Updated MPLAB X IDE option dialog descriptions relating to compiler options.
Expanded information relating to the available optimizations.
Added code to illustrate checksum algorithms used by HEXMATE.
Updated compiler warning and error messages.
Updated information relating to list and map file contents.
Added information about multiplication routines.
Expanded information about eeprom variables and bit objects.
Expanded information relating to the configuration pragma.
Added information and examples using the __section() specifier.
Expanded and extended information relating to assembly code deviations and
assembler directives.
Revision B (July 2012)
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Added How To’s chapter.
Expanded section relating to PIC18 erratas.
Updated the section relating to compiler optimization settings.
Updated MPLAB v8 and MPLAB X IDE project option dialogs.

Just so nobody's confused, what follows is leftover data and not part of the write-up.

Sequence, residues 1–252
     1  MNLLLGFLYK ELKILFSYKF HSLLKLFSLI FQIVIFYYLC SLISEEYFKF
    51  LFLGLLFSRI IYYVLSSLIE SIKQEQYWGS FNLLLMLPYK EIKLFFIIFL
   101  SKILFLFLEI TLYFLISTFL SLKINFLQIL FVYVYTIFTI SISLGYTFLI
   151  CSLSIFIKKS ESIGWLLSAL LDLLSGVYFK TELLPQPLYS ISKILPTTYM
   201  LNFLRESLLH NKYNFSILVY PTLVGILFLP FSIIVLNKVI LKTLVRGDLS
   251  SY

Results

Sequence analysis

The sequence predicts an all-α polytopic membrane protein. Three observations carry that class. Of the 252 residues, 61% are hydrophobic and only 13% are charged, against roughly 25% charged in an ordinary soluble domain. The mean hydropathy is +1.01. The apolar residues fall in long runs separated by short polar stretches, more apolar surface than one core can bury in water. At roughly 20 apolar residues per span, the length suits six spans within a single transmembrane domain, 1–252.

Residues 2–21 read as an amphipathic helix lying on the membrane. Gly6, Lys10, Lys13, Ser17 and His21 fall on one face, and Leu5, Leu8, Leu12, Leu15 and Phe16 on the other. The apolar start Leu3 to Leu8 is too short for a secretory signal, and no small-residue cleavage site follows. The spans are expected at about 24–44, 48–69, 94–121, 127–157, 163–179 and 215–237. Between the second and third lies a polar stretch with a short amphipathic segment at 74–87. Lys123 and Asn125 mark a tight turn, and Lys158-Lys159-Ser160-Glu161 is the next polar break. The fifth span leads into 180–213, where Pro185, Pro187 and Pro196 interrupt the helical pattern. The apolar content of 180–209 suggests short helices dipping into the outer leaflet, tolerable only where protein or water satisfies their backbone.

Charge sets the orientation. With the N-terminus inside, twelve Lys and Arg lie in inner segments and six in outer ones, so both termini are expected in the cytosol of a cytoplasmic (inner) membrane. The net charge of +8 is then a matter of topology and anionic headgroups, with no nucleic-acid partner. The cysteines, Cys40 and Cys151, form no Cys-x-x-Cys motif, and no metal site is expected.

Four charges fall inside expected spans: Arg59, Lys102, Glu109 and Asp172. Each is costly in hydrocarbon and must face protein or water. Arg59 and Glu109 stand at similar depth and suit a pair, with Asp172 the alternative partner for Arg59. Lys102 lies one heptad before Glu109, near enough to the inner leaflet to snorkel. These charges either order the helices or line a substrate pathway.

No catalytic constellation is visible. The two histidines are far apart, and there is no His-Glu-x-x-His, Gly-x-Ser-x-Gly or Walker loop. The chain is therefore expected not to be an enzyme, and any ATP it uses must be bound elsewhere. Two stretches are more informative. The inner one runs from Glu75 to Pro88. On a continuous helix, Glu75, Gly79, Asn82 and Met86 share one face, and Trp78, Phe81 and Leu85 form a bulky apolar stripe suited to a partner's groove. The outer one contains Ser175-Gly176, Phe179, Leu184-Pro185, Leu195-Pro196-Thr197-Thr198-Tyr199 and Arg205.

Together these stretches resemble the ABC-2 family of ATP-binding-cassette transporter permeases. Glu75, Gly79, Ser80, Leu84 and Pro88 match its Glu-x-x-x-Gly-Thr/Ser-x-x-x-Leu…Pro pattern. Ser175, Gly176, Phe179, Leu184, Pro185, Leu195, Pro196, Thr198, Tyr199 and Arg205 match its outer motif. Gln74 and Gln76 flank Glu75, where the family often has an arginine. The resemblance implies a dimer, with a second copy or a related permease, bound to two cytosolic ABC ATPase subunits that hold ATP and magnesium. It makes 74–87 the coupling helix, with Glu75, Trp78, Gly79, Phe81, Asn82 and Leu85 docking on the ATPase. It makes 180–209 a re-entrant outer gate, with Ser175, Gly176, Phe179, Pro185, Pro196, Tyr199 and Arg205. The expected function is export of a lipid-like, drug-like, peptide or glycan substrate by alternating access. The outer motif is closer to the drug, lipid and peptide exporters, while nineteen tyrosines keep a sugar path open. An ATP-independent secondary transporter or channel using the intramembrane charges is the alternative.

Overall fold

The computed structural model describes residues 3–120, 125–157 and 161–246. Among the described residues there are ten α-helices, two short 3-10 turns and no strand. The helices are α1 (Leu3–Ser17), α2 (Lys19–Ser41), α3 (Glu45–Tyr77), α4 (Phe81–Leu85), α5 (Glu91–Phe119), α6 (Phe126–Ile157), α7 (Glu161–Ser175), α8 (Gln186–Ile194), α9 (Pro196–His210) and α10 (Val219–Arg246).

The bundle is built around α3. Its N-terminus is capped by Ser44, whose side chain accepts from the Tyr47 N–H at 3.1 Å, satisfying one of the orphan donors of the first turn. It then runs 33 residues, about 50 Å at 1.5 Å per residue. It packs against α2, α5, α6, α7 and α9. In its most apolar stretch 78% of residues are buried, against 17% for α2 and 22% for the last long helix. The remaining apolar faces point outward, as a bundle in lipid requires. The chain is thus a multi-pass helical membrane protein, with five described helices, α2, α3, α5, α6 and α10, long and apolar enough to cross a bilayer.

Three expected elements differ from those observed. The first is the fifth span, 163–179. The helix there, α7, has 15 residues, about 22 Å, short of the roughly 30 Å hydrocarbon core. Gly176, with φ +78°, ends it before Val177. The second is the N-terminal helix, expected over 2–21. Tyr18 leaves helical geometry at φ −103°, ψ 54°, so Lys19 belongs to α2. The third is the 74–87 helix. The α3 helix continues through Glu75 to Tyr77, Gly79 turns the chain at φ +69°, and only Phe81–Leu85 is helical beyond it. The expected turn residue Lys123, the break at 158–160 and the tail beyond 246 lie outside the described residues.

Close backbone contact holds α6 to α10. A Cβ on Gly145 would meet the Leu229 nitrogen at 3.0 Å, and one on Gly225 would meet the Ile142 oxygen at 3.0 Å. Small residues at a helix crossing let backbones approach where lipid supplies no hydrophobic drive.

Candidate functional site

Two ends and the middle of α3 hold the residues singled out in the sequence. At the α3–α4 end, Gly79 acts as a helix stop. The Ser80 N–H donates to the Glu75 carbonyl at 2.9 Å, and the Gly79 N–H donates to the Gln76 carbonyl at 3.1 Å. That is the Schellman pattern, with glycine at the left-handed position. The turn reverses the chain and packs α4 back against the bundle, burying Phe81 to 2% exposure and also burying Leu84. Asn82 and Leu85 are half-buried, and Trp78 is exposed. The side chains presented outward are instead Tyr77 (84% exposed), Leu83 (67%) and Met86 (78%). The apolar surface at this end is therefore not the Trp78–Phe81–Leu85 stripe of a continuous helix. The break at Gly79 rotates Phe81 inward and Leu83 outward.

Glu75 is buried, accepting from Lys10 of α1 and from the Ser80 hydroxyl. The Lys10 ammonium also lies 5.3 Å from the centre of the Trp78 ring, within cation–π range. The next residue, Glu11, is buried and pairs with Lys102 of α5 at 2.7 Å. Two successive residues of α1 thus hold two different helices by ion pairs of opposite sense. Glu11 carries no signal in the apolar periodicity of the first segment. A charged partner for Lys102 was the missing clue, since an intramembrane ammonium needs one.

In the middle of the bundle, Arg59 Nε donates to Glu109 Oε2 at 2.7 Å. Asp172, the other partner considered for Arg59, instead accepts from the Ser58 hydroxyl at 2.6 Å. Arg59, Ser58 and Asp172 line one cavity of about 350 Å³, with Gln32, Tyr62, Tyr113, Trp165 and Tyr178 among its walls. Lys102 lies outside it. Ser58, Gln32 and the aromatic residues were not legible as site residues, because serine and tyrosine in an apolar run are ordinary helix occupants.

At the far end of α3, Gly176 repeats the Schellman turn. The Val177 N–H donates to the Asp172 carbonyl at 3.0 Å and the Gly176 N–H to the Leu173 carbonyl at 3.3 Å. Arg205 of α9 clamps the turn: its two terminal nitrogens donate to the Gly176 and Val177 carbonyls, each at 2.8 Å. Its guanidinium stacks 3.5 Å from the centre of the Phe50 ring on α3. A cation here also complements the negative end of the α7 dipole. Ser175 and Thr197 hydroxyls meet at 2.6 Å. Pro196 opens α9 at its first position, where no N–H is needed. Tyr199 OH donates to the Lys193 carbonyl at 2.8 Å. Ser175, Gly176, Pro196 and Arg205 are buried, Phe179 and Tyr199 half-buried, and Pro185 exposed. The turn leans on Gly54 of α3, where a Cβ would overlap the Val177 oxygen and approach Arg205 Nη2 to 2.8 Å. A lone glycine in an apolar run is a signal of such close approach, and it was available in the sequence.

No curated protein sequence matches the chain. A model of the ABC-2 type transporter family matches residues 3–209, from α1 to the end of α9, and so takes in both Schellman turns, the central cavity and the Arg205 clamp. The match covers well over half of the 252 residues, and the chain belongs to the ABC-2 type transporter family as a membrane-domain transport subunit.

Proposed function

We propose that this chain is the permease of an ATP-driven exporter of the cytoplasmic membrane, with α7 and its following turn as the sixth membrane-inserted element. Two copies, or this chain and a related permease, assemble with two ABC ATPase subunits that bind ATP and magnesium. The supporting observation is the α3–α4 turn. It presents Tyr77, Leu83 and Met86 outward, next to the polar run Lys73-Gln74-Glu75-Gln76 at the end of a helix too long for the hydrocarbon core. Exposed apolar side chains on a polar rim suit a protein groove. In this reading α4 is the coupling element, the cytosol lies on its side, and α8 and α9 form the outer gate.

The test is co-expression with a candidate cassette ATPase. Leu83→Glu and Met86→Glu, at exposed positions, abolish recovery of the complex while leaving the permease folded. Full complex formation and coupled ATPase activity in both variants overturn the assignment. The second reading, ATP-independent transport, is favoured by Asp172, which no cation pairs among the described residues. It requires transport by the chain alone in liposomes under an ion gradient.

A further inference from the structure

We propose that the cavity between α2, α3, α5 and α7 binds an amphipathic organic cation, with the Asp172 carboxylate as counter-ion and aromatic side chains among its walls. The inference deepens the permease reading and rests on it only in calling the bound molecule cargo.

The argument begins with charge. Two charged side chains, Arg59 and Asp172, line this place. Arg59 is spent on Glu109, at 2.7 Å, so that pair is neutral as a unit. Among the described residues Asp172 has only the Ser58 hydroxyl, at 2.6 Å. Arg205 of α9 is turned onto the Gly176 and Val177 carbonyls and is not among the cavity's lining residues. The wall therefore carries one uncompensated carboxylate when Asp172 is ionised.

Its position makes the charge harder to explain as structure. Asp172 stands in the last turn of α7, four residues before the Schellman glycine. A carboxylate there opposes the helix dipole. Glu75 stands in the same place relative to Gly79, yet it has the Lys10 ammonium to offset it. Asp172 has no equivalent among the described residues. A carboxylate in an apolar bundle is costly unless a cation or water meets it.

Added sections describing PIC18 far qualifier and in-line function qualifier.
Expanded section describing the operation of the main() function
Expanded information about equivalent assembly symbols for Baseline parts.
Updated the table of predefined macro symbols.
Added section on #pragma addrqual
Added sections to do with in-lining functions
Updated diagrams and text associated with call graphs in the list file
Updated library function section to be consistent with packaged libraries
Added new compiler warnings and errors.
Added new chapter describing the Common C Interface Standard (CCI)
Revision A (February 2012)
Initial release of this document.
 2012-2013 Microchip Technology Inc.